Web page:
Nymburk (Czech pronunciation: [ˈnɪmburk]; German: Nimburg, Neuenburg an der Elbe) is a town in the Central Bohemian Region of the Czech Republic, located 45 km (28 mi) east of Prague on the Elbe River. It has about 15,000 inhabitants.

Aerial view of Nymburk
Aerial view of Nymburk
Flag of Nymburk
Coat of arms of Nymburk
Coat of arms
Nymburk is located in Czech Republic
Location in the Czech Republic
Coordinates: 50°11′10″N 15°2′30″E / 50.18611°N 15.04167°E / 50.18611; 15.04167Coordinates: 50°11′10″N 15°2′30″E / 50.18611°N 15.04167°E / 50.18611; 15.04167
Country Czech Republic
RegionCentral Bohemian
 • MayorTomáš Mach
 • Total20.54 km2 (7.93 sq mi)
193 m (633 ft)
 • Total15,154
 • Density740/km2 (1,900/sq mi)
Time zoneUTC+1 (CET)
 • Summer (DST)UTC+2 (CEST)
Postal code
288 02


The town was founded in around 1275 by the Bohemian king Přemysl Otakar II. The king settled here the Dominican Order and invited here among Czech settlers also German and Dutch colonists. The Czech language prevailed in the 15th century after the Hussite Wars. During the reign of Wenceslaus II, the Gothic Church of Sts. Nicholas Church (today St. Giles Church) and Dominican Monastery were constructed. The town was surrounded by burnt-brick walls with about fifty towers and two defensive ditches, fed from the Elbe.

In the 19th century, the town was connected to the railroad and became important railway junction with depot of railway vehicles. The telegraph was introduced in 1850 and the first local telephones were installed in 1900. Because of the increasing prosperity that industrialization has brought, local sugar factory, brewery, hospital, middle school, gym, synagogue and evangelical church then arose in the town.

In literatureEdit

Bohumil Hrabal grew up in the town, he wrote about Nymburk proses The Little Town Where Time Stood Still, Cutting It Short, Beautiful Sadness, Harlequin's Millions and Closely Watched Trains.


The dominant feature of the town is the Gothic brick Saint Giles Church. This church, together with the preserved buildings of the Nymburk fortification, is unique example of brick Gothic (originally North German) architecture in the Czech lands. The dominant of the square is a rare Renaissance Town Hall.

Besides town walls, the town is also dominated by the Road Bridge (cultural heritage) from 1913, which connects the town center with a town part of Zálabí. Among the important cultural monuments of Nymburk is also Turkish tower, Plague Column, Chapel of St. John of Nepomuk, Bohumil Hrabal Grammar School, Nymburk Synagogue, Visitor center house, Water Tower and Old Fisher House.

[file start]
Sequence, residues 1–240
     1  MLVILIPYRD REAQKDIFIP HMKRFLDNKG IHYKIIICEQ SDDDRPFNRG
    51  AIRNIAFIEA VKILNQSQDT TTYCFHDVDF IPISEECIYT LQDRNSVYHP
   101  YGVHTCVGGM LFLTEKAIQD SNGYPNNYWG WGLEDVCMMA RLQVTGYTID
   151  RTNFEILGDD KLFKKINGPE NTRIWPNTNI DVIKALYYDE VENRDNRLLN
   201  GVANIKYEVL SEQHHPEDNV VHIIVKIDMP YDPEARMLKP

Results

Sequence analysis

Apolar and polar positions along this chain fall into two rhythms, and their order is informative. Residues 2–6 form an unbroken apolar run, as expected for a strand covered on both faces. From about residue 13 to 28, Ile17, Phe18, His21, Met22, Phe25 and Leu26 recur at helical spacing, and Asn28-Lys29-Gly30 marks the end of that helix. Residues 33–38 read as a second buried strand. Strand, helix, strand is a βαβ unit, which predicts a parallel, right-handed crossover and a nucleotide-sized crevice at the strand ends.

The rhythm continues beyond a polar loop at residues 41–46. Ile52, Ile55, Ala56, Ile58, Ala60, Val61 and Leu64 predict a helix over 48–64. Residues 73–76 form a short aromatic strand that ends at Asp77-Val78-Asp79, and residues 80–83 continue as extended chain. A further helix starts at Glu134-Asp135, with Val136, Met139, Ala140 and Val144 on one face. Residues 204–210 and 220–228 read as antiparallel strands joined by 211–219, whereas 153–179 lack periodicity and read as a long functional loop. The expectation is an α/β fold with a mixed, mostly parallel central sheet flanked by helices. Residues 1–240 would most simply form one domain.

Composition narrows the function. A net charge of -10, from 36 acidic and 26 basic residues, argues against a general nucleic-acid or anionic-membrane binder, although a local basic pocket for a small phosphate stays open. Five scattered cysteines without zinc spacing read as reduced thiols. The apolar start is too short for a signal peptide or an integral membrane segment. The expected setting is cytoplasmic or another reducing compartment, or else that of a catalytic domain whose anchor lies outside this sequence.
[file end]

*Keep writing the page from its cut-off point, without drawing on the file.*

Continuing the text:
In the southern part of the town is located the brewery Pivovar Nymburk, it was founded in 1895 and ranks among the medium-sized breweries. The brewery produces beer known as Postřižinské.

JDK is a large company that manufactures refrigeration equipment in Nymburk and exports it all over the world. Since 2005, the Chinese company Changhong has been doing here the final assembly of LCD TVs for the whole European market.


Nymburk is the important railway junction and lies at the crossroads of four railway lines. Roads that pass through the town: I/38, II/330 and II/331. Urban transport is provided only by buses.


The town is home to Basketball Nymburk, a club that won the last 16 National Basketball Leagues. It plays its home games at the Sportovní Centrum. For some of its highlight games, the club moves to the Královka Arena in Prague.

Starting in 2015,[2] an annual international rink bandy tournament is organised. In 2017, Slovakia and Switzerland participated for the first time,[3] Slovakia finishing in second place and Switzerland fourth and last, among the national teams that is (two Russian club teams also participated).[4] Federation of International Bandy has decided to make the tournament official.[5]

Notable peopleEdit

Twin towns – sister citiesEdit

Nymburk is twinned with:[8]



  1. ^ "Population of Municipalities – 1 January 2020". Czech Statistical Office. 30 April 2020.
  2. ^ "Turnaj v RINK BANDY v Nymburce | Česká Asociace Bandy". czechbandy.cz.
  3. ^ [1]
  4. ^ svenskbandy.se: "Internationellt: Tjeckien mästare på hemmaplan", 13 September 2017 (in Swedish). Retrieved 9 October 2017
  5. ^ "European Rinkbandy Cup in Nymburk, Czech Republic". Archived from the original on 16 September 2018. Retrieved 12 October 2017.
  6. ^ Bajger, Matyáš Franciszek (2019). Czech Franciscan Book Culture. Libraries of Franciscans, Conventual Franciscans, and Capuchins through the Centuries. Munich: GRIN Verlag.
  7. ^ Škarka, Antonín (1986). Půl tisíciletí českého písemnictví. Prague: Odeon. p. 79.
  8. ^ "Partnerská města" (in Czech). Město Nymburk. Retrieved 11 August 2020.

External linksEdit